In the 1980s Arabidopsis started to become widely used in plant research laboratories around the world. It was one of several candidates that included maize, petunia and tobacco. The latter two were attractive since they were easily transformable with the then current technologies, while maize was a well established genetic model for plant biology. The breakthrough year for Arabidopsis as the preferred model plant came in 1986 when T-DNA mediated transformation was first published and this coincided with the first gene to be cloned and published.
Arabidopsis has been extensively studied as a model for flower development. The developing flower has four basic organs: sepals, petals, stamens, and carpels (which go on to form pistils). These organs are arranged in a series of whorls: four sepals on the outer whorl, followed by six petals inside this, six stamens, and a central carpel region. Homeotic mutations in Arabidopsis result in the change of one organ to another — in the case of the Agamous mutation, for example, stamens become petals and carpels are replaced with a new flower, resulting in a recursively repeated sepal-petal-petal pattern.
Observations of homeotic mutations led to the formulation of the ABC model of flower development by E. Coen and E. Meyerowitz. According to this model floral organ identity genes are divided into three classes: class A genes (which affect sepals and petals), class B genes (which affect petals and stamens), and class C genes (which affect stamens and carpels). These genes code for transcription factors that combine to cause tissue specification in their respective regions during development. Although developed through study of Arabidopsis flowers, this model is generally applicable to other flowering plants.
The photoreceptors phytochrome A, B, C, D and E mediate red light based phototropic response. Understanding the function of these receptors has helped plant biologists understand the signalling cascades that regulate photoperiodism, germination, de-etiolation and shade avoidance in plants.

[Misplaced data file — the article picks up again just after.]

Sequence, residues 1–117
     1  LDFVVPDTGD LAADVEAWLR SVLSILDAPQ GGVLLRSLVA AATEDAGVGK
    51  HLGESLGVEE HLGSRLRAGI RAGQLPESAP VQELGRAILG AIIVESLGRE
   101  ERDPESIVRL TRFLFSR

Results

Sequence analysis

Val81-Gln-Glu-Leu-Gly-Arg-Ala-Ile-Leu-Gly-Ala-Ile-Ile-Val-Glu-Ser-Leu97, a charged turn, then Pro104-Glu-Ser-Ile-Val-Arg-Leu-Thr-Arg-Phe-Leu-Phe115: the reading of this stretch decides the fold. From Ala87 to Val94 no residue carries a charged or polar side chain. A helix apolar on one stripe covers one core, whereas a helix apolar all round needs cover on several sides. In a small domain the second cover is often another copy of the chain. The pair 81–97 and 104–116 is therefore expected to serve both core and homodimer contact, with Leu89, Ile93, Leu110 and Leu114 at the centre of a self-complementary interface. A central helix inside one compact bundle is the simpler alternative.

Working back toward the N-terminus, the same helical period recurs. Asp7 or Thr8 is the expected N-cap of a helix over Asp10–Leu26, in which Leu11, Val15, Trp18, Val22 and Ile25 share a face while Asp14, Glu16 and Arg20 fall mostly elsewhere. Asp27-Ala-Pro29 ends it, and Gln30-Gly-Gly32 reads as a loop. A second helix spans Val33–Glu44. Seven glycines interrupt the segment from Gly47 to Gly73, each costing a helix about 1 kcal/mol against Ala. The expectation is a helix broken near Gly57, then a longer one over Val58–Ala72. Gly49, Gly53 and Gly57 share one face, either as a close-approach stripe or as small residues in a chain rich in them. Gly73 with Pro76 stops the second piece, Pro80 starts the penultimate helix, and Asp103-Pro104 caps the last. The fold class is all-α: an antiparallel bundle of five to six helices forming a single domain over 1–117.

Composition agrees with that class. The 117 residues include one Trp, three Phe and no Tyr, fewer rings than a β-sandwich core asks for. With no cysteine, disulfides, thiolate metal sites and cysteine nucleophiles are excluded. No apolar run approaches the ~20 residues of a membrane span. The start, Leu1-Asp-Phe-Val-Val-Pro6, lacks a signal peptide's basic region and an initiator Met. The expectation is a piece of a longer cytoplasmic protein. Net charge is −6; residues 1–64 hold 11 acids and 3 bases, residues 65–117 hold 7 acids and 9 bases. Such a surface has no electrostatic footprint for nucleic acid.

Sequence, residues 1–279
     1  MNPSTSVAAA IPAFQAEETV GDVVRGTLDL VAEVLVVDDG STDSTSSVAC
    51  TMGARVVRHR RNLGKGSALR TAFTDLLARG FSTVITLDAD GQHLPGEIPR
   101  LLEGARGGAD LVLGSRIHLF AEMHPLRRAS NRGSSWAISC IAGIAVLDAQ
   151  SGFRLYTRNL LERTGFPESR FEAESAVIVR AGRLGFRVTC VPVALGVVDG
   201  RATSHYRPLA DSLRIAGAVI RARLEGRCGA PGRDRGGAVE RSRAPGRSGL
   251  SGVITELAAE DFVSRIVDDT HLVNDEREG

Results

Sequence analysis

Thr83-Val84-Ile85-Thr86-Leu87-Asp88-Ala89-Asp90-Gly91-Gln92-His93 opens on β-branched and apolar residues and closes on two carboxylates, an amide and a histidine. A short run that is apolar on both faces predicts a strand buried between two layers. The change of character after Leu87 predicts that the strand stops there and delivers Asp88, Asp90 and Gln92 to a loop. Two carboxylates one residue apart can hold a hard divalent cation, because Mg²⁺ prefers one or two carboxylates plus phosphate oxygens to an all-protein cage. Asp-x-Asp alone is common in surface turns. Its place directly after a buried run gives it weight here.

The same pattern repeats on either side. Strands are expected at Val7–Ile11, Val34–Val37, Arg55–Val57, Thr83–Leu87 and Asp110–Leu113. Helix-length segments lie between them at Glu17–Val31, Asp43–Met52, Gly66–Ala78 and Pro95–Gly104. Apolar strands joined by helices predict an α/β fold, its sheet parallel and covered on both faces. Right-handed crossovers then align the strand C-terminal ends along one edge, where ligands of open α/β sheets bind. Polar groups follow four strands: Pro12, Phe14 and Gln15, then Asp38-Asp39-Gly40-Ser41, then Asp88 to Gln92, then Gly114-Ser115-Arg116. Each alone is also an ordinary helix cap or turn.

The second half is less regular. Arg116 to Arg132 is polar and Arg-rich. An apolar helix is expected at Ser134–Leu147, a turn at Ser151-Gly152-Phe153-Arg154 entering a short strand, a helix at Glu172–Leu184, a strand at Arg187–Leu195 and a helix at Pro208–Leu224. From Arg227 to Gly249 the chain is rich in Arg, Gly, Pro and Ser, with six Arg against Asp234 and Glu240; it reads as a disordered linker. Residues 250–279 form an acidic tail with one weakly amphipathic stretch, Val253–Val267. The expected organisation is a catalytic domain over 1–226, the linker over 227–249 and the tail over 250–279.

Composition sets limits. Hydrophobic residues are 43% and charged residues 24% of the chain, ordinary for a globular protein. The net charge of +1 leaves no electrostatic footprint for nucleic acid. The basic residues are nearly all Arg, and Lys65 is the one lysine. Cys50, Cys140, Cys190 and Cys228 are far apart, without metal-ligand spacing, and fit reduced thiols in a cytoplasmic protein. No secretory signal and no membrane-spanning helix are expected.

Arabidopsis was used extensively in the study of the genetic basis of phototropism, chloroplast alignment, and stomatal aperture and other blue light-influenced processes. These traits respond to blue light, which is perceived by the phototropin light receptors. Arabidopsis has also been important in understanding the functions of another blue light receptor, cryptochrome, which is especially important for light entrainment to control the plants circadian rhythms.
Light response was even found in roots, which were thought not to be particularly sensitive to light. While gravitropic response of Arabidopsis root organs is their predominant tropic response, specimens treated with mutagens and selected for the absence of gravitropic action showed negative phototropic response to blue or white light, and positive response to red light.
In 2005, scientists at Purdue University proposed that Arabidopsis possessed an alternative to previously known mechanisms of DNA repair, which one scientist called a "parallel path of inheritance". It was observed in mutations of the HOTHEAD gene. Plants mutant in this gene exhibit organ fusion, and pollen can germinate on all plant surfaces, not just the stigma. After spending over a year eliminating simpler explanations, it was indicated that the plants "cached" versions of their ancestors' genes going back at least four generations, and used these records as templates to correct the HOTHEAD mutation and other single nucleotide polymorphisms. The initial hypothesis proposed that the record may be RNA-based Since then, alternative models have been proposed which would explain the phenotype without requiring a new model of inheritance More recently the whole phenomenon is being challenged as a being a simple artifact of pollen contamination. "When Jacobsen took great pains to isolate the plants, he couldn't reproduce the [reversion] phenomenon", notes Steven Henikoff. In response to the new finding, Lolle and Pruitt agree that Peng et al. did observe cross-pollination but note that some of their own data, such as double reversions of both mutant genes to the regular form, cannot be explained by cross pollination.
This is an ongoing experiment on the International Space Station, it is being performed by the European Space Agency. The goals are to study the growth and reproduction of plants from seed to seed in microgravity.